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Neighborhood Spotlight: Rowland Heights an Eastern suburban gateway

Like that of most places in the Los Angeles region, the recorded history of Rowland Heights stretches back to the time when Spanish expeditions wandered the sere plains and craggy hills of California, trying to take the measure of the vast land they had stumbled upon while searching for gold.

It was Gaspar de Portolá — on his long, dusty march from San Diego to Monterey — who claimed the place for the king of Spain and named the area Puente, for a bridge his men built over a nearby creek.

In the 1840s the Mexican government, the inheritors of the remnants of the Spanish empire in North America, granted rights to the 49,000-acre Rancho La Puente to John Rowland and his partner.

Together they raised crops and cattle and fought in support of Pio Pico and the Californio cause in the Second Battle of Cahuenga Pass in 1845, in which the warring sides fired artillery at each other until they ran out of shot, resulting in the deaths of one horse, one donkey and zero Californians.

The rancho remained a sleepy agricultural corner of Southern California, untouched by generations of boom and bust cycles until the 1950s, when the Rowland and Walnut Water District was formed to bring water from the Colorado River to what would soon become a bustling bedroom community. The construction of the 60 Freeway in 1970 fueled the boom in subdivisions and strip malls in what was now called Rowland Heights.

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It was also in the 1970s that the surrounding San Gabriel Valley began to develop into an important commercial and residential center of Chinese-American life.

Eschewing the traditional gateway community of Chinatown in downtown L.A., newly arrived Chinese, like so many of their fellow Angelenos old and new, opted for life in the suburbs.

Today, Rowland Heights is one of the San Gabriel Valley’s many communities with pluralities of Chinese-American residents and is one of the most diverse neighborhoods in L.A. County.

Neighborhood highlights

A literal feast for the senses: Lovers of Chinese cuisine — which, let’s be honest, is everyone — know that the San Gabriel Valley boasts some of the best restaurants in the region, and the Colima Road corridor in Rowland Heights has more than its fair share of them.

Take a hike: Rowland Heights sits right next door to hundreds of acres of parkland in the Puente Hills that boast miles of hiking and riding trails, not to mention expansive views of the San Gabriel Valley.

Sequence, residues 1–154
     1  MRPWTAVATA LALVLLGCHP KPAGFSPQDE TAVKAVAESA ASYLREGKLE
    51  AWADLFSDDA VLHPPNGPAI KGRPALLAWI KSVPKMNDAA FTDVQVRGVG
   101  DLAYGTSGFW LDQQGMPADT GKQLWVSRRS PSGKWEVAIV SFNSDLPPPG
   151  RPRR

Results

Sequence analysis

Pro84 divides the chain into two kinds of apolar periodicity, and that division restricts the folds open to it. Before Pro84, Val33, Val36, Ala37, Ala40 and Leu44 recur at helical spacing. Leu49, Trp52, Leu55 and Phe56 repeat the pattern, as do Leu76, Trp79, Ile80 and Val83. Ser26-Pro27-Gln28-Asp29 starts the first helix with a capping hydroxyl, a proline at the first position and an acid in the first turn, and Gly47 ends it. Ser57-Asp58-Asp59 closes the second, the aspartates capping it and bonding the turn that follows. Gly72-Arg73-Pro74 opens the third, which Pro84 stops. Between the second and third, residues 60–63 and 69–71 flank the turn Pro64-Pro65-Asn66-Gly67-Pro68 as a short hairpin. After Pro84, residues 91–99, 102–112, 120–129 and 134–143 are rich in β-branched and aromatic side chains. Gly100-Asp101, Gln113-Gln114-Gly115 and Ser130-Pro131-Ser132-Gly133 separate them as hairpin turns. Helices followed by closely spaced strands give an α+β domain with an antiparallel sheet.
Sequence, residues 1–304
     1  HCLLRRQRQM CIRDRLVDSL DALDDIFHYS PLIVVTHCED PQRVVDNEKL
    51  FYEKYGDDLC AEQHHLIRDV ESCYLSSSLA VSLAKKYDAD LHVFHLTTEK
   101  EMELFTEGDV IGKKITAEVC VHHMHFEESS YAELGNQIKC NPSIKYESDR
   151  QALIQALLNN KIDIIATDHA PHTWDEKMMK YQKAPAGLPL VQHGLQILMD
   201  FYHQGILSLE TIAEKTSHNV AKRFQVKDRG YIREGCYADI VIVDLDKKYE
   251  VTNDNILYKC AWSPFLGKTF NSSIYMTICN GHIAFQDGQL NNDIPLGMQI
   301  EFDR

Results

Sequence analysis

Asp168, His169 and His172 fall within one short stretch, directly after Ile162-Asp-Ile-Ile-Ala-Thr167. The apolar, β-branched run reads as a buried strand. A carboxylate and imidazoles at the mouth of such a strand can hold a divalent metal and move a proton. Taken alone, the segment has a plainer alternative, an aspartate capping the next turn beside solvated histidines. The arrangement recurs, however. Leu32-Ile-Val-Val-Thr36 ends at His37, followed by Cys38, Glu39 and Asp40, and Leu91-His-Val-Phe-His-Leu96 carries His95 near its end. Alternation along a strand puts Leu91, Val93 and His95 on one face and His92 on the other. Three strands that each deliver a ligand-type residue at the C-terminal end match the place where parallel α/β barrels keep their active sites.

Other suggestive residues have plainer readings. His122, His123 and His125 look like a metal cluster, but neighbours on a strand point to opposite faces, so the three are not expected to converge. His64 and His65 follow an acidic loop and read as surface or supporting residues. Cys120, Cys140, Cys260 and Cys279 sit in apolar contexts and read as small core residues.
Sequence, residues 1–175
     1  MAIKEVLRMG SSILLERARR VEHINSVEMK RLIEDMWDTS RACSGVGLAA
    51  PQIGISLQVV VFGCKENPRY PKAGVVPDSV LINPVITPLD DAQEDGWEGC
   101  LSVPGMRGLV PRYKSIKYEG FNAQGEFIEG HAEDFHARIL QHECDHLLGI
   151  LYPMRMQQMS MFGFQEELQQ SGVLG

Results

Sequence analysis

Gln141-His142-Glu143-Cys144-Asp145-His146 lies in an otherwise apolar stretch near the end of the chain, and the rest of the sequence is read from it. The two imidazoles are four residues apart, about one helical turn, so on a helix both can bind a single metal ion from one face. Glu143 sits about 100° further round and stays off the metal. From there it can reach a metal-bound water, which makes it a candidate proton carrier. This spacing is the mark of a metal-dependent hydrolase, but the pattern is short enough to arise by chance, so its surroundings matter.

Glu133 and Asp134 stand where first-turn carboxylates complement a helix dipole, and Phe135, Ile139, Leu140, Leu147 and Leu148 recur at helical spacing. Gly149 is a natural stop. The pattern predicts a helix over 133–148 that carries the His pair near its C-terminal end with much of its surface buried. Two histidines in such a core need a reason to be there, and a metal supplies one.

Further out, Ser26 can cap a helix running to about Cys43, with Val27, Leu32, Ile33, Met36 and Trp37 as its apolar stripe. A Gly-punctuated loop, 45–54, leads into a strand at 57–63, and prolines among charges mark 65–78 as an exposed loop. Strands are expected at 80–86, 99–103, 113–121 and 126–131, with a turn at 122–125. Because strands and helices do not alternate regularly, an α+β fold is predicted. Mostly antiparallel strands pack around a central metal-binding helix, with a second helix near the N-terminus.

Suburb to suburb: Rowland Heights is convenient to the rest of the San Gabriel Valley and the northern O.C.

Neighborhood challenges

Potentially long commute: For the unlucky, downtown Los Angeles — or worse, the Westside — is a gnarly rush-hour drive away.

Up and to the right: Although home prices in Rowland Heights are still a relatively good deal for the region, homes in the southern and eastern portions of the neighborhood are regularly asking well over $1 million.

Expert insight

“In comparison to Monterey Park, Alhambra and San Gabriel, it’s a lot more affordable for people who are buying their first home. And it’s not as competitive,” said Jennifer Lee, a real estate agent with RE/MAX 2000 in Rowland Heights.

That’s in part because the neighborhood is farther east, and therefore more of a trek to downtown.

Lee recommended that potential home buyers drive around to check out the different areas of Rowland Heights “because they do change drastically in terms of the different house styles, in terms of who your neighbors are.”

Market snapshot

Portions of the 91748 and 91789 ZIP Codes overlap the Rowland Heights area. In November, based on 22 sales, the median sales price for the 91748 ZIP was $575,000. The median sales price in the 91789 ZIP, based on 33 sales, was $780,000.

Report card

Within the neighborhood boundaries, as defined by the L.A. Times’ Mapping Tool, is Bradford Elementary, which scored 925 out of 1,000 in the 2013 Academic Performance Index. Jellick Elementary scored 771, and Rowland Elementary had a score of 755. Alvarado Intermediate scored 897, and John A. Rowland High came in with 838.

hotproperty@latimes.com

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